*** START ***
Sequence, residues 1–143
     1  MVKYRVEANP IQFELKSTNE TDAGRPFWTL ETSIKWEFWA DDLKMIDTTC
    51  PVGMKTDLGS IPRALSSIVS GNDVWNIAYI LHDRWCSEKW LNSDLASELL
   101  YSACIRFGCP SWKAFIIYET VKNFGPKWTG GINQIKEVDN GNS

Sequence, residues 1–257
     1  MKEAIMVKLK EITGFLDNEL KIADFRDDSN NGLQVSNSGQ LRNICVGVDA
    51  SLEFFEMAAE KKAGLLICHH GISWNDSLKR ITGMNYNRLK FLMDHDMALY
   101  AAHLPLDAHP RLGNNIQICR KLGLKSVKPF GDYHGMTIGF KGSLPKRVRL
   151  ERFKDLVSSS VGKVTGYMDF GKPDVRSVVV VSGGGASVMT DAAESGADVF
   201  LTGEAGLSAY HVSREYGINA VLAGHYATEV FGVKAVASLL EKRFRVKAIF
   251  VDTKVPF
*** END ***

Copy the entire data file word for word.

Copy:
Sequence, residues 1–143
     1  MVKYRVEANP IQFELKSTNE TDAGRPFWTL ETSIKWEFWA DDLKMIDTTC
    51  PVGMKTDLGS IPRALSSIVS GNDVWNIAYI LHDRWCSEKW LNSDLASELL
   101  YSACIRFGCP SWKAFIIYET VKNFGPKWTG GINQIKEVDN GNS

Sequence, residues 1–257
     1  MKEAIMVKLK EITGFLDNEL KIADFRDDSN NGLQVSNSGQ LRNICVGVDA
    51  SLEFFEMAAE KKAGLLICHH GISWNDSLKR ITGMNYNRLK FLMDHDMALY
   101  AAHLPLDAHP RLGNNIQICR KLGLKSVKPF GDYHGMTIGF KGSLPKRVRL
   151  ERFKDLVSSS VGKVTGYMDF GKPDVRSVVV VSGGGASVMT DAAESGADVF
   201  LTGEAGLSAY HVSREYGINA VLAGHYATEV FGVKAVASLL EKRFRVKAIF
   251  VDTKVPF